Church leaders split on ganja
Livern Barrett, Gleaner Writer
THE PROPOSED decriminalisation of small amounts of marijuana got support yesterday from a leading member of the clergy who exhorted other church leaders and the wider society to see it as a "justice" issue.
While acknowledging that marijuana is still illegal, general secretary of the Jamaica Baptist Union, the Reverend Karl Johnson urged his colleagues to "look at our situation and see how we can stand with several thousands of our youngsters who have been lured into the use of marijuana."
"You cannot be comfortable with having someone with a minor quantity, two ounces and below, have their future blighted while you have others who will break a stoplight and put thousands of lives in jeopardy who only pay a fine," Johnson argued.
Clean police records
Johnson was particularly happy with the proposed amendments to the Criminal Records (Rehabilitation of Offenders) Act that could see thousands of Jamaicans end up with clean police records.
"We must liberate the thousands of young Jamaicans who have [had] their records blighted ... so much so that even if they were to experience a transformation, it would close the doors to certain employment and opportunities," he added.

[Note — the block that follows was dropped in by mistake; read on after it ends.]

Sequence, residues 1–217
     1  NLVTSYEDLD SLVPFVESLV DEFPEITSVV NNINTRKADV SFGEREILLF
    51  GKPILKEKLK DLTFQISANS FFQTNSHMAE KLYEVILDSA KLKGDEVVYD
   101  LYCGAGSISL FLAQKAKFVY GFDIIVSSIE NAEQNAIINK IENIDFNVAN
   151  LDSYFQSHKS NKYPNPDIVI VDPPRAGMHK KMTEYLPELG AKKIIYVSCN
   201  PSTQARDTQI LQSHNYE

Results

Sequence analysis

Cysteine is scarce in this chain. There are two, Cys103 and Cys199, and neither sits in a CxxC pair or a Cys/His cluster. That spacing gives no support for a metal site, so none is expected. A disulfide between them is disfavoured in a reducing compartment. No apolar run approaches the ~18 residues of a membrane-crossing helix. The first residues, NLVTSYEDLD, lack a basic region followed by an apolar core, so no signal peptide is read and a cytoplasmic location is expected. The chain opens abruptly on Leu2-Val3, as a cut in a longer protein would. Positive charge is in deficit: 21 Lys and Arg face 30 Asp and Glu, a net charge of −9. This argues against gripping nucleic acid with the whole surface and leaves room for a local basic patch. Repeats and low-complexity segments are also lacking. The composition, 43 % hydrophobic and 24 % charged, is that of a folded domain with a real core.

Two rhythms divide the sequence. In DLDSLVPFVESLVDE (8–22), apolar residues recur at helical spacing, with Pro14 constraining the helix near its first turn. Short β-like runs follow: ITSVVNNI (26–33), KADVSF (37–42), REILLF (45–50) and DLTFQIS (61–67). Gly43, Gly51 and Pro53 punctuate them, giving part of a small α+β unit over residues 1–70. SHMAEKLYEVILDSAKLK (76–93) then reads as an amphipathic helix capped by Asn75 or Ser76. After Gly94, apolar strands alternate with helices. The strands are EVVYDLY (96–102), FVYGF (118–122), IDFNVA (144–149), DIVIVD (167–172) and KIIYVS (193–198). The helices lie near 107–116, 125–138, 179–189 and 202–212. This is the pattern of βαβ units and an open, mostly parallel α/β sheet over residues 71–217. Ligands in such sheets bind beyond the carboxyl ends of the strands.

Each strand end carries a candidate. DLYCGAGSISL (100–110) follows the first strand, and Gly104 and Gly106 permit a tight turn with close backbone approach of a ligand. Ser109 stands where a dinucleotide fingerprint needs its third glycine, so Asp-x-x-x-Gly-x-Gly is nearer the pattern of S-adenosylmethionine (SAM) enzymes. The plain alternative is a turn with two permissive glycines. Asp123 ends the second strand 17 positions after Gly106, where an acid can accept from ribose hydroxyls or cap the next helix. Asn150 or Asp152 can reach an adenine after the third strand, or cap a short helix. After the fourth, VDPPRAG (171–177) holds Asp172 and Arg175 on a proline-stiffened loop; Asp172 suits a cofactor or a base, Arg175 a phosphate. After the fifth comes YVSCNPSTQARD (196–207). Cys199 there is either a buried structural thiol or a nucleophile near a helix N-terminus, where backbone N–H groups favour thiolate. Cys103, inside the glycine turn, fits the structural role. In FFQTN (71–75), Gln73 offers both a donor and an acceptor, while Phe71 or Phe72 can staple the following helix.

However, while giving its blessing to the proposed amendments to the Criminal Records Act, the Jamaica Union Conference of Seventh-Day Adventists (JUCSDA) said it could not support the decriminalisation of marijuana, except for medicinal use.
Communications, public affairs and religious liberty director for the JUCSDA, Nigel Coke, said this stance is based on the church's no-smoking policy.
"We still believe that smoking in general is not good for the individual or the environment and hence we could not agree with it based on the no-smoking stand that we have. But for medicinal purpose, sure," Coke told The Gleaner yesterday.